EFOSC2ESO Faint Object Spectrograph and Camera
Portrait of an Observing RunObservations and After
|The Daily Schedule|
|16.00 Hr (Local Time)||Introduction to the telescope/control room on the first afternoon|
|16.00 Hr (Local Time)||Start of dome/internal calibration observations every day|
|Sunset||Start of twilight sky calibration observations|
|End of nautical twilight (sun at -12 deg)||Can start observing standard stars and other bright targets|
|End of astronomical twilight (sun at -18 deg)||Official start of observing night|
|00.00 - 02.00 Hr (Local Time)||Midnight snack time at the canteen|
|Beginning of astronomical twilight (-18 deg)||Official end of observing night|
|16.00 Hr (Local Time) till Sunrise||Telescope building accessible to the observer|
|16.00 Hr (Local Time) till Sunrise||Car #137 at the observer's disposal|
Note: Afternoon activities will be advanced by 30 minutes during winter to compensate for the earlier sunset
Visit to the Telescope/Dome
During the first afternoon, about 30 minutes before the start of calibration observations the observer will, if so desired, be taken on a brief tour of the telescope building including the observing floor and the cat-walk surrounding the dome.
The Control Room
Following the telescope tour, the observer will be given an introduction to the control room. Information on some of the more often used Control Room facilities (i.e. used by the observer) may be found here. These include computing facilities for scheduling observations, data reduction and back-up, internet access, personal lap-top connections, a lounge for relaxing and some appliances for making/storing snacks.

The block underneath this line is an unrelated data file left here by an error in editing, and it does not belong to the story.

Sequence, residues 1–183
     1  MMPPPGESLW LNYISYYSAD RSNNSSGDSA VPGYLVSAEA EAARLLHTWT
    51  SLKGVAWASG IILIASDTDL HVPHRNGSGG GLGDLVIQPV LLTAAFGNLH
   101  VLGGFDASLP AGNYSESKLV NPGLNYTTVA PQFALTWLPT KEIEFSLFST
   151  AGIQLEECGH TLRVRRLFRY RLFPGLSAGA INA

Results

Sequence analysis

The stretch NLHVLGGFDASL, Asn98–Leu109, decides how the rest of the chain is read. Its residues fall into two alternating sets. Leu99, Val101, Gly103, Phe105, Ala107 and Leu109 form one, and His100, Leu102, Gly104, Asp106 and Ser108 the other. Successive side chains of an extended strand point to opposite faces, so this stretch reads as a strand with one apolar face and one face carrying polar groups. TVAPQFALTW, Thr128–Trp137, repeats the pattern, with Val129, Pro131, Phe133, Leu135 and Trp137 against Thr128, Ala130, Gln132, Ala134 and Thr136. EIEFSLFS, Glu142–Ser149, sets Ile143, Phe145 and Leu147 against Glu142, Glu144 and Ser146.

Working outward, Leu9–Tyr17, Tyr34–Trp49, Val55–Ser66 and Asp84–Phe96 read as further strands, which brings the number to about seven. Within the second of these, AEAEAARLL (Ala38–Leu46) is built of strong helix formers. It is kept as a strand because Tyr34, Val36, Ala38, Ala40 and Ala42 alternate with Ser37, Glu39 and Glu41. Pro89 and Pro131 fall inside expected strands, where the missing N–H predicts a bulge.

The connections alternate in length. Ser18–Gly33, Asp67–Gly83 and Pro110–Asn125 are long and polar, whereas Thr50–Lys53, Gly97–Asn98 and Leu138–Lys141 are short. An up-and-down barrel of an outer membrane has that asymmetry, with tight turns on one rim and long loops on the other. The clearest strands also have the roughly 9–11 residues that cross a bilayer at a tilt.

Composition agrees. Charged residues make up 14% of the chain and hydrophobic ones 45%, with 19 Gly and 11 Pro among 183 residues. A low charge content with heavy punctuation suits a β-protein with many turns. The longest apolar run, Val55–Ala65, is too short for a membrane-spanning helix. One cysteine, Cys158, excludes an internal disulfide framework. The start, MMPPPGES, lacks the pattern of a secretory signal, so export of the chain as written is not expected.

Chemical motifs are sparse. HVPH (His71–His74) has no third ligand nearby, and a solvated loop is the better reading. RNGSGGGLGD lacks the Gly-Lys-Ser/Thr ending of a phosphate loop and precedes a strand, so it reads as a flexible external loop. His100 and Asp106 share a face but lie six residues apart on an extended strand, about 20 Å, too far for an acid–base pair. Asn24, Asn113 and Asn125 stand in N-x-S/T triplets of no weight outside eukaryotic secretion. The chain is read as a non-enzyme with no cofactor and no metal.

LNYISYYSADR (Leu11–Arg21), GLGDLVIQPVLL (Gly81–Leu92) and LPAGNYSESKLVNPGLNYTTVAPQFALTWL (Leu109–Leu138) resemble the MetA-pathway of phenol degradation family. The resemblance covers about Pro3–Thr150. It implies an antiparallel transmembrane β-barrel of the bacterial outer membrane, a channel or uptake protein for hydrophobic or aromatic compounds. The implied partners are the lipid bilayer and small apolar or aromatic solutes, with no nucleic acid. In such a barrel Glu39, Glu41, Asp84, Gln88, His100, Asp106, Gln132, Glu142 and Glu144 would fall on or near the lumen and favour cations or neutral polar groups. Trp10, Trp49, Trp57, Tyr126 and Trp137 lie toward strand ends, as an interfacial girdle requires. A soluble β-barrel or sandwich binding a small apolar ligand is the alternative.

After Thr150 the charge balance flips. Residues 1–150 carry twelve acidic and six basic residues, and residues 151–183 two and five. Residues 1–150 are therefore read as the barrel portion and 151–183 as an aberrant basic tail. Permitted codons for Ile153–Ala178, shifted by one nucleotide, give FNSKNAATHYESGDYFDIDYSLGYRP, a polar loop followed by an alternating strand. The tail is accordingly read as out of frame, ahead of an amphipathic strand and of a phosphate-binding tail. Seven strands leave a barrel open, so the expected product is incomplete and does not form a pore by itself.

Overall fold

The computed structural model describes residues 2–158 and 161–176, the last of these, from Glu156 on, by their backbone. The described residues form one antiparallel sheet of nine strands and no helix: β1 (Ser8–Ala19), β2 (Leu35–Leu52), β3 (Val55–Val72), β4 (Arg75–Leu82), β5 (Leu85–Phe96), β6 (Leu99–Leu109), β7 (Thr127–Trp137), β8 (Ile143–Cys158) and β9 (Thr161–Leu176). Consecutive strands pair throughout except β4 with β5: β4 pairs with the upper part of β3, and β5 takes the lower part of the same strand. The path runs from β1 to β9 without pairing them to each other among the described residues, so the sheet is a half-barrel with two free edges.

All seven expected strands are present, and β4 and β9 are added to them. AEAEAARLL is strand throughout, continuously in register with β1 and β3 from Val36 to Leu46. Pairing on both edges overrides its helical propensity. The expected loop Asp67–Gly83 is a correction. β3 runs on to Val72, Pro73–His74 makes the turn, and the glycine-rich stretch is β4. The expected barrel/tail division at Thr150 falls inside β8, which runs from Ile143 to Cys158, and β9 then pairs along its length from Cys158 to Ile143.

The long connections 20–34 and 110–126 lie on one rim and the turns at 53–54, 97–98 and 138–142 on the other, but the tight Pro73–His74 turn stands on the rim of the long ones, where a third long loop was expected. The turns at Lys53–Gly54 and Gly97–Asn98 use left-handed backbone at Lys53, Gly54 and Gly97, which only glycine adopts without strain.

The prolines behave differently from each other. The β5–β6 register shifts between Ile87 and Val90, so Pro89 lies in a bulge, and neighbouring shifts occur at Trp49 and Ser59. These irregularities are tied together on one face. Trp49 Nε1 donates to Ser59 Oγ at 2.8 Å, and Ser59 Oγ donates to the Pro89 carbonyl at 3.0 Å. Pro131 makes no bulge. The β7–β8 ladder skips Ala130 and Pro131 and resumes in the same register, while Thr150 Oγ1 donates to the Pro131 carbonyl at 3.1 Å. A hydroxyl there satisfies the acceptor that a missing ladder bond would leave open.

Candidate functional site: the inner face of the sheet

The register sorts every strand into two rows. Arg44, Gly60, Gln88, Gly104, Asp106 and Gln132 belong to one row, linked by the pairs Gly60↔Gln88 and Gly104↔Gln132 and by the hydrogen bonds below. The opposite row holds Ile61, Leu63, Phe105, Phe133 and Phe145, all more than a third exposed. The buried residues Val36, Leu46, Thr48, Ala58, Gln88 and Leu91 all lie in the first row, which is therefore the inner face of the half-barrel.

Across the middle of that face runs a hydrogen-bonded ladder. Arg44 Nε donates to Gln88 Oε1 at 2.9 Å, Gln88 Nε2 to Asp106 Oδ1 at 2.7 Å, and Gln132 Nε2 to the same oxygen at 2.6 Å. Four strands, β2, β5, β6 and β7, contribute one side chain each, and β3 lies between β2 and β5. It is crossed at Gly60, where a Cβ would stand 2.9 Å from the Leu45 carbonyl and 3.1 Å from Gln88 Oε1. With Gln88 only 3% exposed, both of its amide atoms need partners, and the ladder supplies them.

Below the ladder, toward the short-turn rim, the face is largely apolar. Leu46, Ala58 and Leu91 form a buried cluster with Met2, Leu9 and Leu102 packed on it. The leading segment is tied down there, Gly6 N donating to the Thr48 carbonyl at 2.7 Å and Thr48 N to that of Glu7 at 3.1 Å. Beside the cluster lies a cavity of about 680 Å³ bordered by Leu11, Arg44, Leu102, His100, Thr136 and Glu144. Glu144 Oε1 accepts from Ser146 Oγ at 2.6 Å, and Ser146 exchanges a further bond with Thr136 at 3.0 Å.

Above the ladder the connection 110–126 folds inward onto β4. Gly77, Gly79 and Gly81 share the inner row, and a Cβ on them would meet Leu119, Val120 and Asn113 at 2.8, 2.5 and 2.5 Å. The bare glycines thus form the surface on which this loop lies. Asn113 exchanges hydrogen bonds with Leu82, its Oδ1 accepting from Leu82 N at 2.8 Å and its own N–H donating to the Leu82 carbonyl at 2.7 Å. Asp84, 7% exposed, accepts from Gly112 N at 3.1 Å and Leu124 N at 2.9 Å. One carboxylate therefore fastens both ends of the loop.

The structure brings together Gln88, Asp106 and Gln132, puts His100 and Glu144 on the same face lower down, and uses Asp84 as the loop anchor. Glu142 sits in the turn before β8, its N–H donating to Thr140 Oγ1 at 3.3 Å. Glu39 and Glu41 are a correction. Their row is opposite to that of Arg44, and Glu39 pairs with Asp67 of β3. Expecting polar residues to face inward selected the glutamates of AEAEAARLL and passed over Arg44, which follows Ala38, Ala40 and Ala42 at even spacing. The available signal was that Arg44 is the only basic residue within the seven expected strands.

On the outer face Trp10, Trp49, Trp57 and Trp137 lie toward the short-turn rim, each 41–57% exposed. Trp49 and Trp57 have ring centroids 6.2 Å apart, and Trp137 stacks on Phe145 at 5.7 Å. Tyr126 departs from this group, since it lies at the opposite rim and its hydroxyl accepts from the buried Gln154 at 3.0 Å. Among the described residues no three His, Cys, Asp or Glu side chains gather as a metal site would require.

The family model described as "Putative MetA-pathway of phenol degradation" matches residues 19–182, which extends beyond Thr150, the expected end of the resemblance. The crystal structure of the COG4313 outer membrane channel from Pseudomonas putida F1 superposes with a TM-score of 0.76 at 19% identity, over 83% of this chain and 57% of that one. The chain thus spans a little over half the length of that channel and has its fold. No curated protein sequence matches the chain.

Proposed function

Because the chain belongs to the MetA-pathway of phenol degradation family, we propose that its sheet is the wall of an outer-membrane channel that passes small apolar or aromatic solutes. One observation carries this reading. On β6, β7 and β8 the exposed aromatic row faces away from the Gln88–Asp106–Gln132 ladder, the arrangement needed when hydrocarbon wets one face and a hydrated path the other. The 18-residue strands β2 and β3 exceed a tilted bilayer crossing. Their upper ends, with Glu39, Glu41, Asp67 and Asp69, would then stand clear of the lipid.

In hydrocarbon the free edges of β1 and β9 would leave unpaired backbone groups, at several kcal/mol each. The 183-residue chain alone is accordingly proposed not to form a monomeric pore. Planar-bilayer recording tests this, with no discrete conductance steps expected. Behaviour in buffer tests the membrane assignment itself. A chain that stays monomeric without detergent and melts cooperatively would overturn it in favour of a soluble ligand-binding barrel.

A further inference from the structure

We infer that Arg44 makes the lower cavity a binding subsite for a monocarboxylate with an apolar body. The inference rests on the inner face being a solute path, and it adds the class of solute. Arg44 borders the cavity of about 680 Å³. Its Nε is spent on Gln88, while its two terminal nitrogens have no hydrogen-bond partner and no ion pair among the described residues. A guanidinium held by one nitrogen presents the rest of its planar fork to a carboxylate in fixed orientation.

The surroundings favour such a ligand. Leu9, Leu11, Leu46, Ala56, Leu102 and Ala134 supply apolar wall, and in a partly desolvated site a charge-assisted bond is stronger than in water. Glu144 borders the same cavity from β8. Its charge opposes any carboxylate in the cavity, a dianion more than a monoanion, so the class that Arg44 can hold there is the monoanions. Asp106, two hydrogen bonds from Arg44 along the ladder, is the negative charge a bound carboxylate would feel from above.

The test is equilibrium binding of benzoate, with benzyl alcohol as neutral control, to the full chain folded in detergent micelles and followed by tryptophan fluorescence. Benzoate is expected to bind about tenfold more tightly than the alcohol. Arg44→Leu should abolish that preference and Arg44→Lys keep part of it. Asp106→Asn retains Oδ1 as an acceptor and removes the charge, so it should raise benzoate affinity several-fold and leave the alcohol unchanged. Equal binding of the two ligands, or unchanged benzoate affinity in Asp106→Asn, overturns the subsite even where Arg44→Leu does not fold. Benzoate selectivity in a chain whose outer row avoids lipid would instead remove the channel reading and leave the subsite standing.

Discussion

The canteen is open for snacks between midnight and 2.00 AM every night. During this period observers may schedule a long observation and use the time to visit the canteen. Alternatively, observers can order a packed snack during lunch and collect the same after dinner and bring it along with them to the telescope.
Telescope/Control Room Access
Observers can only work in the control room between 16.00 hr and end of observations in the morning. The control room will be used by several of the support staff during the day as they go about making the telescope ready for the next night's observation. We strongly discourage requests from observers to access the telescope/control room during the day and in the absence of a compelling need they will be turned down. It may be noted that the visitor accounts on the computers in the control room can be accessed from the general user room in the main office building below the hotel.
A car (currently #137) will be at the disposal of the observer between 16.00 hr and end of observations in the morning for moving between the hotel and telescope. The car may be picked up at 16.00 hr from its designated parking place just before the 300 series dormitories (above and behind the hotel). The key will always be in the ignition. Note: The same car is used by the day crew; thus the car has to be left in the designated space after the end of observations. Remember not to remove the key from the ignition.
Typically the afternoon calibration session will start by 16.15 hr (Local Time). The observer will be assisted by the support astronomer and/or the telescope operator and the observer's role is essentially limited to deciding the type and sequence of the observations. In general, observers are expected to have a calibration sequence requiring not more than 2 hours on any single day. An adequate sequence typically lasts about 45-90 minutes; trying to cover all possible contingencies is not necessary and is discouraged. The instrument is stable across days on end and one can obtain a calibration frame of an unforeseen configuration the next day.